The minimum wage will increase Jan. 1 to $15 an hour from the current $14.35.
He also announced that the lower rate for liquor servers due to customer tips will also go up and match the new provincial minimum wage. Servers and bartenders minimum hourly wages will be harmonized at $15, up from the current $12.55.
“Liquor servers have previously received below the general minimum wage, based on the belief customer tipping can make up the difference,” the government said in a news release Tuesday. “However, many of these workers have increasingly seen their tips pooled and redistributed among many staff, making it harder for them to make ends meet.”
Ford said a full-time minimum wage worker will see a raise of $1,350 a year and will affect more than 760,000 Ontarians.
“For many Ontarians wages haven’t kept up with the increasing cost of living making it harder than ever to make ends meet,” Ford said. “The least the government can do is ensure we’re making life more affordable for them by putting real dollars in their pocket.”
In addition, students under the age of 18 who work 28 hours or fewer during the school year or in the summer will see an increase from $13.50 to $14.10 an hour.
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Homeworkers, who do paid work out of their homes for their employer, would see an increase from $15.80 an hour to $16.50 an hour.
As well, hunting and fishing guides have a minimum rate of $71.75 for working less than five consecutive hours in a day and $143.55 for working five or more hours in a day. The new rate would see a rise to $75 and $150.05, respectively.
Alongside Ford at the Tuesday morning announcement was Unifor president Jerry Dias who has often been against the PC government and has said they are not doing enough for workers.
Dias also noted when it comes to a living wage that it varies from $16.20 an hour in London, Ont. to $22 an hour in Toronto which is much higher than the minimum wage coming into effect in January.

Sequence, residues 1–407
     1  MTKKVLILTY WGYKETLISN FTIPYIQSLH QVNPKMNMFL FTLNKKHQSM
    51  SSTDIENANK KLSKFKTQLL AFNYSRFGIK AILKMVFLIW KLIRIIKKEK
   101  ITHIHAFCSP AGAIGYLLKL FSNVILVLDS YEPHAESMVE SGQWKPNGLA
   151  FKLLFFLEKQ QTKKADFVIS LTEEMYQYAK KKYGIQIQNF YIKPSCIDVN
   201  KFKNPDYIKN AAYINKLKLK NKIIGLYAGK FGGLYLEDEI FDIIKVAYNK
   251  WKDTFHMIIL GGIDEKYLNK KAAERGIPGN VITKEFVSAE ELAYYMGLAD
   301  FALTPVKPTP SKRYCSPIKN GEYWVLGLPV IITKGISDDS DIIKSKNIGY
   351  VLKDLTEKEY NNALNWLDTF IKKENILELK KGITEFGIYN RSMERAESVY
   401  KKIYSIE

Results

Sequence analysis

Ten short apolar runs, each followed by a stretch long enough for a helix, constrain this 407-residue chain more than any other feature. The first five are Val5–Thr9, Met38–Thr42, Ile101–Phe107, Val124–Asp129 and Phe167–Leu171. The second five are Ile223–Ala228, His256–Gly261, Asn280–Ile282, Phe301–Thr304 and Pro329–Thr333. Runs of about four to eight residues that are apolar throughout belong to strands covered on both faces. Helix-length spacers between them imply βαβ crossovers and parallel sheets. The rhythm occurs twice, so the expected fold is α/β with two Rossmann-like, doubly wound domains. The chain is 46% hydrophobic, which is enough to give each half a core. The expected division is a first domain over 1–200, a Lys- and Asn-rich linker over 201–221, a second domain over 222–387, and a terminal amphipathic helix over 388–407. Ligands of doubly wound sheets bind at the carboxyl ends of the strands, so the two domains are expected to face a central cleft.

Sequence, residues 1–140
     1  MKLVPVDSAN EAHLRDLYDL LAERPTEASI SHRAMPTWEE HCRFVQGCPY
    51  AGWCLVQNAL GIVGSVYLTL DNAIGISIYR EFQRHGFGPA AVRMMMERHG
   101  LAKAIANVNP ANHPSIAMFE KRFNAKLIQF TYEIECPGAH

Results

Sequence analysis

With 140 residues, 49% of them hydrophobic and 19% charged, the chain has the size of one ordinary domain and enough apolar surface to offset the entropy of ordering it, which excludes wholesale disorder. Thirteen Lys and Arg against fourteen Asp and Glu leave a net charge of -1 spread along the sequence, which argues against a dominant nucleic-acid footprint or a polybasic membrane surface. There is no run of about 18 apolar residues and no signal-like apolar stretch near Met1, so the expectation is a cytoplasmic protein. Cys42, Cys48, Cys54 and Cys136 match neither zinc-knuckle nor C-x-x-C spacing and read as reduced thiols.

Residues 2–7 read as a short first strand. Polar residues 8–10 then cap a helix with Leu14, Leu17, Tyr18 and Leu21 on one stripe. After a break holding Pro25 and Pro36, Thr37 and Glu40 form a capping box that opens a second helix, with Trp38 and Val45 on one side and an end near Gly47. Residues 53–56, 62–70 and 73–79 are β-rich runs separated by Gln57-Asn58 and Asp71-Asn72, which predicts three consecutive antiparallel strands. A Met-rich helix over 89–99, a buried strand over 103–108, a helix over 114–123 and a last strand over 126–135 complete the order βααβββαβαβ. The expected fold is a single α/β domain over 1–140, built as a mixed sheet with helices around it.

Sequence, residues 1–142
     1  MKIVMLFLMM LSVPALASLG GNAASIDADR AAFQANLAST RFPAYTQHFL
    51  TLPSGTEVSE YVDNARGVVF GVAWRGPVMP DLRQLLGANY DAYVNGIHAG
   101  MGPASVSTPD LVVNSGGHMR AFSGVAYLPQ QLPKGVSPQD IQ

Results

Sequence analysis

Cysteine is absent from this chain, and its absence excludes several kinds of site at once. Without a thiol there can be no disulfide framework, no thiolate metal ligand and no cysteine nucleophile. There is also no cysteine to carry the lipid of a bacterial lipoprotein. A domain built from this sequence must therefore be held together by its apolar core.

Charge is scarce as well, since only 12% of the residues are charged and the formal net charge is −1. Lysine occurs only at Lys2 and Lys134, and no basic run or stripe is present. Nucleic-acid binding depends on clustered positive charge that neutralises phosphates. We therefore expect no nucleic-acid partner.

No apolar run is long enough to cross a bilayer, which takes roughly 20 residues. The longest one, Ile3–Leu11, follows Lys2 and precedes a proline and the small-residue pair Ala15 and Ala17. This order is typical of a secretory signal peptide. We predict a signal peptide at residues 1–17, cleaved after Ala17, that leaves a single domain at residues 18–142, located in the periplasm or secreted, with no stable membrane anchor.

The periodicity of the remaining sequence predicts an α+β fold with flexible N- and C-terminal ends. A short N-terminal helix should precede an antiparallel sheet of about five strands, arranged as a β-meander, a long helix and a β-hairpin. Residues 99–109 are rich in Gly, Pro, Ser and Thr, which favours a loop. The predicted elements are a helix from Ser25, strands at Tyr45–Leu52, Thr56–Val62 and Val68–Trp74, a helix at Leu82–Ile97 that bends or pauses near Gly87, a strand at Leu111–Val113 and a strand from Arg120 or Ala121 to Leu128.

“So do I think $15 is wonderful? The answer is no,” said Dias. “But do I think its a good start? The answer is yes.”
“Look, has this government done things that have raised my ire? The answer is yes. Do we still continue to debate over some policy initiatives they’ve implemented that I totally disagree with? The answer is yes,” Dias continued. “But the bottom line is I am here today, understanding that we’re having a discussion on minimum wage, recognizing that it’s a good start.”
Previously, Ford cancelled the planned hike for 2019 to $15 an hour when the Progressive Conservatives took power from the Liberals in October of 2018.
On Jan. 1, 2018, Ontario’s minimum wage increased to $14 an hour from $11.60. The previous Liberal government had planned yet another increase to $15, but the PCs halted that move, citing complaints from businesses over what would have amounted to a more than 20 per cent jump from $11.60 to $15.
Both the Ontario Chamber of Commerce and the Canadian Federation of Independent Business said the announcement comes at a terrible time.
“Many businesses are still grappling with the ongoing impacts of the pandemic, including cashflow constraints and the increased cost of doing business,” the chamber’s president and CEO Rocco Rossi said in a statement.
“This is no time to add to their costs.”
— with files from Global News’ Matthew Bingley & The Canadian Press